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I May Be Getting a Divorce, Should I Consult a Tax Specialist?


Yes, you should

If you are in the midst of a separation or divorce, consulting a tax specialist as soon as possible may be a very valuable investment. This is especially true in situations that involve young children, a business operated by one or both spouses, a corporation, or significant assets.

A tax specialist may consult with both spouses and their lawyers to structure the division of assets and ongoing support payments in the most tax effective manner. In addition, a tax specialist may review the draft separation agreements to help both sides understand the tax implications of the agreements and avoid any costly and unexpected tax results.

Here is an example

Imagine a scenario where Pete and Amy are considering divorce. They have three young children, ages 6, 8 and 10. Pete is a dentist with a professional corporation valued at $1,500,000 that earns $250,000 per year. Amy works part-time as a school teacher earning $35,000 per year. Here are some of the issues that your tax specialist may consider:

  • How could support payments be structured to split taxable income and make the best use of marginal tax brackets? Possible tax savings $4,000 - $6,000 per year.

  • How could the custody and support agreements be drafted so that each spouse is able to claim the wholly dependent person “equivalent to spouse” tax credit for one child? The value of the additional credit is $2,000 - $3,000 per year.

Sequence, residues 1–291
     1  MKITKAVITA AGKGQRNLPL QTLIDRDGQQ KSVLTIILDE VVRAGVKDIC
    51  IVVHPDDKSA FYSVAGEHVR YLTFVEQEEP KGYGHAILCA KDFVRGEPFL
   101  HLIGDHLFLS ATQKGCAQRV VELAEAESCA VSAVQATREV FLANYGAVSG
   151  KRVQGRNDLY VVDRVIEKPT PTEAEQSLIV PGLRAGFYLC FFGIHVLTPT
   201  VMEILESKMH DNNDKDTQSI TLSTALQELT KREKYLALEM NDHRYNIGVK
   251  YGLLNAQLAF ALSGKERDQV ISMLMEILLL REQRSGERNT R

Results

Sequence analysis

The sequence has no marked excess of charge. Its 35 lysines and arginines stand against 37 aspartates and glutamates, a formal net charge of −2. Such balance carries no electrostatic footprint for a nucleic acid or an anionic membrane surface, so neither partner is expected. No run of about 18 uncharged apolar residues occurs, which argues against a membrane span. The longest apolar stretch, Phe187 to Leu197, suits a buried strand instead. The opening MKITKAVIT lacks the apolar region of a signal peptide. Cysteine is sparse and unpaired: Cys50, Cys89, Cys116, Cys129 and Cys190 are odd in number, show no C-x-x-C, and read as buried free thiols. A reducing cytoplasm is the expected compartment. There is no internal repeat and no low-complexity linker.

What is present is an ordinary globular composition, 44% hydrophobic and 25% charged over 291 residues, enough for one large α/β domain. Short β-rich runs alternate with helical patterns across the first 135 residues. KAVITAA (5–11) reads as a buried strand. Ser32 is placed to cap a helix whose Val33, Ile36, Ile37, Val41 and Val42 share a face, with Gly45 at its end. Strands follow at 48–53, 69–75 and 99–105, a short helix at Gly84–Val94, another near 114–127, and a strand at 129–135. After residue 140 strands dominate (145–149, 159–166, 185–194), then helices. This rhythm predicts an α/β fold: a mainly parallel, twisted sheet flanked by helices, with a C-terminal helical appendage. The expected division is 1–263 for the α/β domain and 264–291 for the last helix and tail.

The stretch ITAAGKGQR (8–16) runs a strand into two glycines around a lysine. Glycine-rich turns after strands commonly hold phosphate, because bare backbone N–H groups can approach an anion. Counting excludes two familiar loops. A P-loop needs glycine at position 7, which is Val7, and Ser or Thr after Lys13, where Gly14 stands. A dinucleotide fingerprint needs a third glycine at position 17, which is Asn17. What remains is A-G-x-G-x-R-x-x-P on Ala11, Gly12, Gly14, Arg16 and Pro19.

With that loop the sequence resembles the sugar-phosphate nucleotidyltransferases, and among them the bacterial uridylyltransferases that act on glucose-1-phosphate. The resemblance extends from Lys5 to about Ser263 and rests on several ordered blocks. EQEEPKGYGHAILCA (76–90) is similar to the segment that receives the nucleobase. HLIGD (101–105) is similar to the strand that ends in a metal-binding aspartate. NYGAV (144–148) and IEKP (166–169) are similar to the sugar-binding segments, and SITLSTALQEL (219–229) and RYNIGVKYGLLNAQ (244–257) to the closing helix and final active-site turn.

• How could the value in the professional corporation be divided without triggering any immediate tax? There are a couple ways this could be done, estimated tax savings $50,000 - $100,000.

  • How could the Lifetime Capital Gains Exemption be utilized to shelter tax on a division of value within the professional corporation? Estimated tax savings $150,000 - $200,000.

  • If the couple is willing to work together, what other creative alternatives could be considered?

    • How could the couple fund university education for the children in the most tax effective manner? Assuming university costs of $50,000 per child, possible tax savings $15,000 – $20,000.

    • Could a trust be established to allocate investment income to the children as a way of providing support? Possible tax savings 10,000 – 15,000 per year.

Closing remarks

When couples are willing to work collaboratively in the settlement process, it is easier for the parties to consider alternatives for providing support and dividing assets that may have beneficial tax consequences. In the above example, the total tax savings for Pete and Amy could reasonably be $100,000 - $300,000. These tax savings may exceed the total professional fees for the entire divorce and separation process!